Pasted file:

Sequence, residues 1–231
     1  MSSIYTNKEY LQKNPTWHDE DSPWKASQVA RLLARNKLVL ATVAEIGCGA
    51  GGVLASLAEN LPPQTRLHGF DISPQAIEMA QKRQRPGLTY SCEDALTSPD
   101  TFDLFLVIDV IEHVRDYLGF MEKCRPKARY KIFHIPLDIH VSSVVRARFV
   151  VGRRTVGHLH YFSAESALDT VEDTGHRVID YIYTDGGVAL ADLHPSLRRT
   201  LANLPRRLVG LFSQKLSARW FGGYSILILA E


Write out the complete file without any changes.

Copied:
Sequence, residues 1–231
     1  MSSIYTNKEY LQKNPTWHDE DSPWKASQVA RLLARNKLVL ATVAEIGCGA
    51  GGVLASLAEN LPPQTRLHGF DISPQAIEMA QKRQRPGLTY SCEDALTSPD
   101  TFDLFLVIDV IEHVRDYLGF MEKCRPKARY KIFHIPLDIH VSSVVRARFV
   151  VGRRTVGHLH YFSAESALDT VEDTGHRVID YIYTDGGVAL ADLHPSLRRT
   201  LANLPRRLVG LFSQKLSARW FGGYSILILA E